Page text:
Staphylococcus aureus. Since UV rays readily damage DNA in all cells, it is not
unrealistic to hypothesize that this will play an additional role in the
mutation of existing disease bacteria and viruses and may produce totally new
strains of pathogens. Physicians are finding that infection and disease is a
greater global challenge than cancer, as people of all skin pigmentation are at
equal risk from the effects of immuno-suppression. Geographic areas of poor
public health are at even greater risk.
suffer the highest rates of skin cancer in the world. Each year, around 1,200
Australians die from what is an almost totally preventable disease. Everyone can
develop skin cancer; however, some people may be at higher risk than others, due
to a range of factors.
Australia exposed to more UV
Ultraviolet (UV) radiation levels in Australia are higher than in Europe, even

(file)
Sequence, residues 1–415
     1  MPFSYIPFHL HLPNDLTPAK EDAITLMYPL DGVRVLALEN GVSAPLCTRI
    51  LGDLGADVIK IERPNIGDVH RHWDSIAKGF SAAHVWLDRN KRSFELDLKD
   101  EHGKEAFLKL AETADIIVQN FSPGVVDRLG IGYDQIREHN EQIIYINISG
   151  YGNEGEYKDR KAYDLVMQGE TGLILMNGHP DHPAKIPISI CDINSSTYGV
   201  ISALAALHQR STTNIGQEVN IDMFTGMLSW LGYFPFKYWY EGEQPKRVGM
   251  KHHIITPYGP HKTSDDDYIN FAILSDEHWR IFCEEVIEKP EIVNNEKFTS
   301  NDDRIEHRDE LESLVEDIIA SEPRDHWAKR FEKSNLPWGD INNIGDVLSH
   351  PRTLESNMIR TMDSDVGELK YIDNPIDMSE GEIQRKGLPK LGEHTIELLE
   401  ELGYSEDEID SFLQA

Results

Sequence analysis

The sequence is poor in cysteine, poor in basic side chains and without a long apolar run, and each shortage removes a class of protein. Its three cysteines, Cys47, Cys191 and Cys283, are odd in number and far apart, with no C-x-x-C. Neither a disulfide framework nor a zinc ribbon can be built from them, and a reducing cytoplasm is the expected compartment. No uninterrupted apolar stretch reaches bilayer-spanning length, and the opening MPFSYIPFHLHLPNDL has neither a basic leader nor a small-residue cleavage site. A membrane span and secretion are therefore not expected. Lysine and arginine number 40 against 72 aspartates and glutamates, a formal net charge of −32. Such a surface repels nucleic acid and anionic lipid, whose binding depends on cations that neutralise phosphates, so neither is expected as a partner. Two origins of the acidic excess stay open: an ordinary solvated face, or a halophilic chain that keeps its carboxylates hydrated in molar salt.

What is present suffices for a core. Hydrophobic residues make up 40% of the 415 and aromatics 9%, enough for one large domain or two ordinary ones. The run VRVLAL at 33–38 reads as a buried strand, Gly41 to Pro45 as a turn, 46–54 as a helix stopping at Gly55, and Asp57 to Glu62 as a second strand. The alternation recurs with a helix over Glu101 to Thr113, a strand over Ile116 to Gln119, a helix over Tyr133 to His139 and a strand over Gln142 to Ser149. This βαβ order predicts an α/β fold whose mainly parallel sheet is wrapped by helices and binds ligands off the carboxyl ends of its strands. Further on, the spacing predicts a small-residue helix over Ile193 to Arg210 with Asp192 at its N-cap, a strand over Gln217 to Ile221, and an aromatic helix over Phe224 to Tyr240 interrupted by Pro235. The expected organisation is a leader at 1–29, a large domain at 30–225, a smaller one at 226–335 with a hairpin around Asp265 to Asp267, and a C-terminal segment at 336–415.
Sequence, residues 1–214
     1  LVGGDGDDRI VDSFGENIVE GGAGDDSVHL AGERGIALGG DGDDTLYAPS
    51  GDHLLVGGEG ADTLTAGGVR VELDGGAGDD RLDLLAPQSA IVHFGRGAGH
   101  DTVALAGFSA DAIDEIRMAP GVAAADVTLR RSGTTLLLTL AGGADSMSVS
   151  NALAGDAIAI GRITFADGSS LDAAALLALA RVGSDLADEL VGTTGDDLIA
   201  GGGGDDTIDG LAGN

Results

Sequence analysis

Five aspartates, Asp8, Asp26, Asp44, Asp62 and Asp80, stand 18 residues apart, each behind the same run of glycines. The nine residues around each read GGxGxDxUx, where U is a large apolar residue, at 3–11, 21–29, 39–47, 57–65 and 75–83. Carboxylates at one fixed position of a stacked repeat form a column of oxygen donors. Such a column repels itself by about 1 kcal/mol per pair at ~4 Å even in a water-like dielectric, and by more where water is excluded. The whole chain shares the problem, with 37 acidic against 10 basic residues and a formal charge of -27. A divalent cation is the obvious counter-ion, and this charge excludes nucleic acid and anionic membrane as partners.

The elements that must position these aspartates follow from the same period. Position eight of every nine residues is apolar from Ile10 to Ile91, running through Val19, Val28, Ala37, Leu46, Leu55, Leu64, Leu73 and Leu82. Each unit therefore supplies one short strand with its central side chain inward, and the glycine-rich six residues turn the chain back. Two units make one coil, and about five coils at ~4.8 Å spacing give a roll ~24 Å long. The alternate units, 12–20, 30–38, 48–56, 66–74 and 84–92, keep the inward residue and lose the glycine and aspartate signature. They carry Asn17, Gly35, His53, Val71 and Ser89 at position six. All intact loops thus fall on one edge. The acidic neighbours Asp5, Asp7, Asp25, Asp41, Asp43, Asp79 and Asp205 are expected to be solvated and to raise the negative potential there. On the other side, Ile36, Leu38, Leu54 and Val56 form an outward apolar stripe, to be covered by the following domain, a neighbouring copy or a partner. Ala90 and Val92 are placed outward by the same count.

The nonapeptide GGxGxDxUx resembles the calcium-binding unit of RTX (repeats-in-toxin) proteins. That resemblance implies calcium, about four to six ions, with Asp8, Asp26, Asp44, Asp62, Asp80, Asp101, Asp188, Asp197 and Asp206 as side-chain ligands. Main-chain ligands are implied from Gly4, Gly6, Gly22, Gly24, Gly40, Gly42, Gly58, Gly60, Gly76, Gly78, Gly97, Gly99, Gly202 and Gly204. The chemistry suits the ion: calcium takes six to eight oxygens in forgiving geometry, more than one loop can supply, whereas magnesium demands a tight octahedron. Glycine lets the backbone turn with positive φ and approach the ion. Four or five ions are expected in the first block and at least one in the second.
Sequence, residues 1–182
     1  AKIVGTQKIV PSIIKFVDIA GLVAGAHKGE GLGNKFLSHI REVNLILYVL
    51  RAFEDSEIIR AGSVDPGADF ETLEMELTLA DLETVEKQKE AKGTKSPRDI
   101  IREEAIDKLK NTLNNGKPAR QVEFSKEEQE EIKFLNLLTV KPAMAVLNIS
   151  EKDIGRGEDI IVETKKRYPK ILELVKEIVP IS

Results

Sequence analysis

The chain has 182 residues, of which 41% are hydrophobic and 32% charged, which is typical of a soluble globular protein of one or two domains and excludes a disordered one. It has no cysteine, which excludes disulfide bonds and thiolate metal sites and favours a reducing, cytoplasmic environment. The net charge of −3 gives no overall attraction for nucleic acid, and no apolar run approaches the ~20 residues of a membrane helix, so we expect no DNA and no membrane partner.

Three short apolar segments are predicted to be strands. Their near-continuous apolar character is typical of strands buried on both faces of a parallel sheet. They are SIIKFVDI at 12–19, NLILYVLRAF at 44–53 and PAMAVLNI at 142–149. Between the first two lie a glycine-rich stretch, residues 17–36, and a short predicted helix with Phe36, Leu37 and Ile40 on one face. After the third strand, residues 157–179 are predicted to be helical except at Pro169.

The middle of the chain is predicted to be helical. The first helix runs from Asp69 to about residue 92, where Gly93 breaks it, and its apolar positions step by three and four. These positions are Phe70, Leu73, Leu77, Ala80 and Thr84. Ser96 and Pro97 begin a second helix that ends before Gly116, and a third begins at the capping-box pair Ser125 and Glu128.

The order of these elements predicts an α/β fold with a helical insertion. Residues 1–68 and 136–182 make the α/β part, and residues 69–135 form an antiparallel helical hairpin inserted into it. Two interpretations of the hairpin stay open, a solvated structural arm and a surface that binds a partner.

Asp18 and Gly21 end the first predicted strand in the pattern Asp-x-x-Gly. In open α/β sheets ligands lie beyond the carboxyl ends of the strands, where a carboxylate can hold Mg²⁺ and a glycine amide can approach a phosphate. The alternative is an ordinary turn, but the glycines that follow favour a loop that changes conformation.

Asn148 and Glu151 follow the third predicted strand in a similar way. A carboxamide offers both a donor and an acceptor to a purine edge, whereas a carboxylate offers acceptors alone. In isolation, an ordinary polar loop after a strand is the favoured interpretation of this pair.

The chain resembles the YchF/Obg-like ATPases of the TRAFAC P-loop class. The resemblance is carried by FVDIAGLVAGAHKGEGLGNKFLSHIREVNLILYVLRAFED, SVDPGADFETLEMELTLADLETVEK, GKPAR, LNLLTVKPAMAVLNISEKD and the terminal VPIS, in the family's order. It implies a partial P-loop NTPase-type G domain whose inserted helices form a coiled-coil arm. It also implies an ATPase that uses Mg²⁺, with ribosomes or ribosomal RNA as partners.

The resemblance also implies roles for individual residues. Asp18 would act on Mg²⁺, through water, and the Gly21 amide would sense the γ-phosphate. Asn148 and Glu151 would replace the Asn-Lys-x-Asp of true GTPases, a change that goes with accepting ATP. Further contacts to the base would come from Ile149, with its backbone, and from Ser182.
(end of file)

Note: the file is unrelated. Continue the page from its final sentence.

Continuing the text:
during summer. Being located close to the ozone hole over the Antarctic means
much higher, more severe levels of UV radiation get through to ground level.
During summer, the earth's orbit brings Australia closer to the sun than Europe
during its summer, resulting in an additional seven per cent solar UV intensity.
This, coupled with our clearer atmospheric conditions, means Australiansare
exposed to up to 15 per cent more UV than Europeans.
First launched by a cartoon seagull
singing ‘Slip! Slop! Slap!’ on TV screens in 1980,
SunSmart adopted its name and mission in
1988. An initiative of The Cancer Council Victoria and supported by the
Victorian Health Promotion Foundation, SunSmart was developed to combat
spiralling skin cancer incidence and mortality rates.
Since then, attitudes towards tanning and
sun protection have changed dramatically. Australians have realised the pitfalls